GBP EUR Exchange Rate: The Week Ahead July 31st

GBP EUR Exchange Rate: The Week Ahead July 31st

The GBP EUR exchange rate jumped 250 pips this week towards the previously stubborn resistance at the 1.2000 level. Fears of a recession in Germany gave traders a greenlight to bid the pound sterling. We now head into another week of economic data, with European employment, German trade, and PMI figures being the likely rate drivers. The big day will be Thursday with another Bank of England rate meeting.

The GBP to EUR traded above the 1.1900 level heading into the weekend after almost touching the 1.2000 mark. That level provided stubborn resistance for the sterling in 2021.

Bank of England policy meeting will define the week

The Bank of England meets this week to discuss its monetary policy, and analysts expect a 25bps rate increase.

According to Reuters, the central bank is expected to back off from a larger interest rate rise in August and choose a 25 basis point increase, but some analysts are unsure. The BoE is trying to tackle forty-year highs in inflation, but there are also fears that moving too quickly with rate hikes will choke off economic growth.

Last week’s inflation print for the UK was 9.4%, adding some pressure to the BoE. Nonetheless, it predicted a 10% peak in inflation previously. The US Federal Reserve also raised its benchmark rate last week by 0.75% for the second month in a row, which will add to policymakers’ conversation.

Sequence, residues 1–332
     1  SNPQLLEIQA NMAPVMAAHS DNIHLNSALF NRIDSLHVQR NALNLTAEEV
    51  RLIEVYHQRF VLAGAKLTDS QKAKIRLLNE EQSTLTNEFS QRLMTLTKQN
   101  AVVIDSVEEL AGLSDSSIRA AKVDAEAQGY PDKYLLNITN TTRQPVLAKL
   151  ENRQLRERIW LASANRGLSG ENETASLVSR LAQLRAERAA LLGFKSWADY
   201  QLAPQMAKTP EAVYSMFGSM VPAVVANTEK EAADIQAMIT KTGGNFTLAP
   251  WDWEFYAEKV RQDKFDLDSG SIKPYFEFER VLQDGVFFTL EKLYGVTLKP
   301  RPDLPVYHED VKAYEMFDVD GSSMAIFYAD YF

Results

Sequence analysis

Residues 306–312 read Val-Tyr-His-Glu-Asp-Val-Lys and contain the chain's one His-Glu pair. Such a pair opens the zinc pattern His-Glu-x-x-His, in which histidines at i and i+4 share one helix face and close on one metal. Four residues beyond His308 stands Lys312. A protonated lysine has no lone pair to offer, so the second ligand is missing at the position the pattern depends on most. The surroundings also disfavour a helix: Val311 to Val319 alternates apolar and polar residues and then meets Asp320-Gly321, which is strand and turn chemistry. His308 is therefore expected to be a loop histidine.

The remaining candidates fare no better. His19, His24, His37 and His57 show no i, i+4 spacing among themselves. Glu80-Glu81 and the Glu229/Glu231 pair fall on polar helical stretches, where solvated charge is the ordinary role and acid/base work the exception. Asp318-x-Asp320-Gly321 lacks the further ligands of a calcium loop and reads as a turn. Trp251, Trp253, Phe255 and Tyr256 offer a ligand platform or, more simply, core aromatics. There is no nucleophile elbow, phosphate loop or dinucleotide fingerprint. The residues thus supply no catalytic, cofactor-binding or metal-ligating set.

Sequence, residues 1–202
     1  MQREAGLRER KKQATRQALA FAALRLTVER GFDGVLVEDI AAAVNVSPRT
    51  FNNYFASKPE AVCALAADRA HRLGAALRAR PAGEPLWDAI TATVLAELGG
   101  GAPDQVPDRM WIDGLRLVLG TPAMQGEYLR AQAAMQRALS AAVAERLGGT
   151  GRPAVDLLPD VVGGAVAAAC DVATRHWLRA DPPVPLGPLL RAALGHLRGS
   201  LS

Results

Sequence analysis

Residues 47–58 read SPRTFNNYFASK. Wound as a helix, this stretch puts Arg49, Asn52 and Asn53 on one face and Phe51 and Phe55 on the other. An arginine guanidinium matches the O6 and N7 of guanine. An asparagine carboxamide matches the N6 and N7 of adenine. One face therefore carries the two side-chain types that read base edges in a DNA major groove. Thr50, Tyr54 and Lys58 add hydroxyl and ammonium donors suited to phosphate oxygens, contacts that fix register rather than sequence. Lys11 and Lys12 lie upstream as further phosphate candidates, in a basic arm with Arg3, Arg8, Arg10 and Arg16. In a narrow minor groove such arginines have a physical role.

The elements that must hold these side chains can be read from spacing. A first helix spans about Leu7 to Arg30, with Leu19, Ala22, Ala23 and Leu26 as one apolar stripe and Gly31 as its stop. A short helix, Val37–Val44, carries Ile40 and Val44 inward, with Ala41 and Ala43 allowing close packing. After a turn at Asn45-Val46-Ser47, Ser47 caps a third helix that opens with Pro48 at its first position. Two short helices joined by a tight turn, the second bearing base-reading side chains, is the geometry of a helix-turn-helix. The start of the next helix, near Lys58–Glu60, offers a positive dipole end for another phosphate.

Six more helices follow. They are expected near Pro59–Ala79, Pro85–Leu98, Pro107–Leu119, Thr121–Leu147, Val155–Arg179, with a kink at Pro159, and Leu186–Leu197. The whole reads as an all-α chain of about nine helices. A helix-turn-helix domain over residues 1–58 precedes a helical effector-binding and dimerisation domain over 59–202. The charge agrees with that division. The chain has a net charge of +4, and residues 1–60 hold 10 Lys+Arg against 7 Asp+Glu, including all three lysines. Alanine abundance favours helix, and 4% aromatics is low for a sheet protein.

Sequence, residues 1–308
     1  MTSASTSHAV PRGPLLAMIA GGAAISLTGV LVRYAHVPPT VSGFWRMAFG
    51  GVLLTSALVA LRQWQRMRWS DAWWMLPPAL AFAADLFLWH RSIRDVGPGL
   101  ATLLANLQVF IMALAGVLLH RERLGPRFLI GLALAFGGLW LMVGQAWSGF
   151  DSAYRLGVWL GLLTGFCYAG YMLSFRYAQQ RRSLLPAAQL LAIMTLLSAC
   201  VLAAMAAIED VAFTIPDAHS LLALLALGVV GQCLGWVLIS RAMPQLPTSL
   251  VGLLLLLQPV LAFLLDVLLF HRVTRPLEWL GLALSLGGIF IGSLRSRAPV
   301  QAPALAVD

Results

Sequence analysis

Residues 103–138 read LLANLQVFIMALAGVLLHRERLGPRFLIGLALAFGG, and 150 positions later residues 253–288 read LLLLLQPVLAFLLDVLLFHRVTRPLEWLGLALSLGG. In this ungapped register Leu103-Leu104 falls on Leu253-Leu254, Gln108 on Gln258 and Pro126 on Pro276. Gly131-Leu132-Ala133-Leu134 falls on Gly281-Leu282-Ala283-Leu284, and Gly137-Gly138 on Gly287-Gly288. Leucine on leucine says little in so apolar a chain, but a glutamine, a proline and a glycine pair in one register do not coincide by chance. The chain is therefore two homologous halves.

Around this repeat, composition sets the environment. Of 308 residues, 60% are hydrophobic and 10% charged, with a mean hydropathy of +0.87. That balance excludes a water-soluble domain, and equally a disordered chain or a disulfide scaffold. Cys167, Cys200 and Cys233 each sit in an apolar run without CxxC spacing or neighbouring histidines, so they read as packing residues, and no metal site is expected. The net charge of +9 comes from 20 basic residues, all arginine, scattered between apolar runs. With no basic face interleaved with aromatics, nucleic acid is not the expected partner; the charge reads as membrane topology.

The pound sterling found strength against the euro this week. It will likely wait until Thursday’s BoE update before any further significant moves.

Germany at risk of further gas woes as supply trickles in at 20%

Europe exits a short summer heatwave. However, there are fears of a harsh winter as Russia’s Nord Stream pipeline trickles in at a reduced capacity of  20%. There are worries that it may close completely with the EU scrambling to find alternatives.

The situation in Germany could wreak havoc on the country’s economy with business bankruptcies and soaring energy bills. The saga is a legacy of former Chancellor Angela Merkel, who ignored 15 years of warnings from her energy expert Claudia Kemfert that Russian over-reliance was a threat.

Viktorija Starych-Samuolienė from the think-tank Council on Geostrategy said the country faced a challenging winter due to its heavy reliance on gas from Russia. Russia stood accused of weaponising gas. German governments only deepened their reliance on Russian gas, opening the country up to risk.

Last week, Germany saw a big release of data on employment, consumer confidence, IFO business sentiment, and inflation. Those releases pointed to tough months ahead, and the Russian gas problem threatens to worsen the economic outlook further. Headlines over Germany’s gas supply could be an issue for the start of the week before the Bank of England meeting.

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